I don't actually no why you would want it this way unless you want to allow for multiple strings per key at some other time.

Also, as Marc mentioned, you are leaking the initial (unmutable) dectionary you create. Read the memory management rules at http://developer.apple.com/documentation/Cocoa/Conceptual/MemoryMgmt/Articles/mmRules.html.

Further, you should never write inside your application's bundle. For one thing, your application may be on a write protected volume or the current user may not have permissions to change it. For another, the file would then be shared by all users. And for a third, it would break the code signing. Instead, write the file to either the Preferences folder or the Application Support folder.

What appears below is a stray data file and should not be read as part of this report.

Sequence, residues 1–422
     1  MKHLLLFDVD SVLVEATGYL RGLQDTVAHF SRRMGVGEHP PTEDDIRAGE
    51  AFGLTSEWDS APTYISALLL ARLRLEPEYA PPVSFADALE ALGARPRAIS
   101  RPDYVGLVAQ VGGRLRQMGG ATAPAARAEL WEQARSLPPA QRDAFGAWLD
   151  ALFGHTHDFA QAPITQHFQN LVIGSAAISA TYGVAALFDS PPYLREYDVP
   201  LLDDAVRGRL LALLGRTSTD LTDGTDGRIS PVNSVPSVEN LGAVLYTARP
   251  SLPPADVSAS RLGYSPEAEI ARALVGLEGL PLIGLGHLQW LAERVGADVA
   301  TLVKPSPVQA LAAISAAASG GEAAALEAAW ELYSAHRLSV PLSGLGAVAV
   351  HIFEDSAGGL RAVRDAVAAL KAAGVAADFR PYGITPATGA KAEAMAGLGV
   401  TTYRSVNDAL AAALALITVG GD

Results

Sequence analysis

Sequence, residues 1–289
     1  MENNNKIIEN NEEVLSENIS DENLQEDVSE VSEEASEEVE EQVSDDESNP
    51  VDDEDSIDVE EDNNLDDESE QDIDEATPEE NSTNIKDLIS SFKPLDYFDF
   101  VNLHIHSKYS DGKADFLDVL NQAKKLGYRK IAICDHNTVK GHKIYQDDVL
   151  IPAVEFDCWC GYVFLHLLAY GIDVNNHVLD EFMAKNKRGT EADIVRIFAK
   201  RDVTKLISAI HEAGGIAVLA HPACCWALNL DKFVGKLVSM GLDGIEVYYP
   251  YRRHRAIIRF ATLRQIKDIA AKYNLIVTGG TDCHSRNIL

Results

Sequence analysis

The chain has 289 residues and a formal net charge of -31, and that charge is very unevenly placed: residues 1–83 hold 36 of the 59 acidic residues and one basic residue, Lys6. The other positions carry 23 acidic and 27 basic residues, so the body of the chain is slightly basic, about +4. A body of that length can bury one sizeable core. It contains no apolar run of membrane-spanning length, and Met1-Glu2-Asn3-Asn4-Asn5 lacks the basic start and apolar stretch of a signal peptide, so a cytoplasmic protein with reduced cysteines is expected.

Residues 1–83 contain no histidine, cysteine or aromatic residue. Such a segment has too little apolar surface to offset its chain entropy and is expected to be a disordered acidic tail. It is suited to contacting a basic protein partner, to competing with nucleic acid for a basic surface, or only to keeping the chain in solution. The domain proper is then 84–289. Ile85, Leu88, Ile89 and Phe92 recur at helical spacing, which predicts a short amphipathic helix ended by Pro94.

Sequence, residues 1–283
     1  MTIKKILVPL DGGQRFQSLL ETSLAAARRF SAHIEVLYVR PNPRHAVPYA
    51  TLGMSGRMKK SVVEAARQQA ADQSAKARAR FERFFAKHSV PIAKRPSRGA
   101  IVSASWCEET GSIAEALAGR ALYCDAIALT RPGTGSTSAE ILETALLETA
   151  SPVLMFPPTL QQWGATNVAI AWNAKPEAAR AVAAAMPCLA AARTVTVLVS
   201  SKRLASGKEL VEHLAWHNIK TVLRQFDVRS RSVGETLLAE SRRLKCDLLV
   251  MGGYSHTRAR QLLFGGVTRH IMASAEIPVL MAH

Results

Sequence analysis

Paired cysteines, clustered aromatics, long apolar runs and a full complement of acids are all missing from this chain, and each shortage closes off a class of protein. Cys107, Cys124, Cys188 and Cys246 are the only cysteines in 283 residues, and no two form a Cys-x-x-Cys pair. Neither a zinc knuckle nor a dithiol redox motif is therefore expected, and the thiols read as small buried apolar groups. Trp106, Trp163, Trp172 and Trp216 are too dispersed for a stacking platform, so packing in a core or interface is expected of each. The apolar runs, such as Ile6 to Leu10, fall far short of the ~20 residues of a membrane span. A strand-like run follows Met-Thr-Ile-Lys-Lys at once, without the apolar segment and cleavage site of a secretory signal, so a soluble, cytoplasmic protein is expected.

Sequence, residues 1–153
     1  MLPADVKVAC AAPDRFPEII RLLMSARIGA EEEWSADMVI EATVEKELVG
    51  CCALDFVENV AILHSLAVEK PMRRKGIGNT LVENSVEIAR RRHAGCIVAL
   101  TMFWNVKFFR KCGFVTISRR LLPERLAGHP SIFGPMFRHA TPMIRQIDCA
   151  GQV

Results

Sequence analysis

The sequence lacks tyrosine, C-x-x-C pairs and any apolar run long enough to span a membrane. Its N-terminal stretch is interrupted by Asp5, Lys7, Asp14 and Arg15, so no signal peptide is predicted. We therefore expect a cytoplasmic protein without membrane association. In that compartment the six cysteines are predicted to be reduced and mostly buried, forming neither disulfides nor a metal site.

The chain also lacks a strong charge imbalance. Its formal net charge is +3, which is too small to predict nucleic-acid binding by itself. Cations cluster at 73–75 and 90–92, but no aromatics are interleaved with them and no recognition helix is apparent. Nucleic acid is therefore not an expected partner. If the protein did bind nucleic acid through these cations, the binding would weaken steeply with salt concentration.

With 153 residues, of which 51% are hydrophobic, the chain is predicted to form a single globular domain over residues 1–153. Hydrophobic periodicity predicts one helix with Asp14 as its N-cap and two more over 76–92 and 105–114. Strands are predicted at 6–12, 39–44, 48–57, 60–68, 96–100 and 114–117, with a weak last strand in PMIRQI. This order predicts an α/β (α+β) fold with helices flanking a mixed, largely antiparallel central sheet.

And finally, if these are intended to be user preferences of some sort, then you should use the preferences system, which allows configuring defaults and stores the preferences in the preferences folder for you. See http://developer.apple.com/documentation/Cocoa/Conceptual/UserDefaults/UserDefaults.html for more information.

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The correct way to save an NSArray (by itself) to a plist file is as follows:

NSArray* anArray = ...;
[anArray writeToFile:@"/path/to/file.plist" atomically:YES];

However, you can't save an NSString as an array. Given the XML plist you provided, if you want to add entries with the same format, you can use this much simpler code:

- (void) writeToFile:(NSString *)string {
  NSString *plistPath = [[NSBundle mainBundle] pathForResource:@"saved" ofType:@"plist"];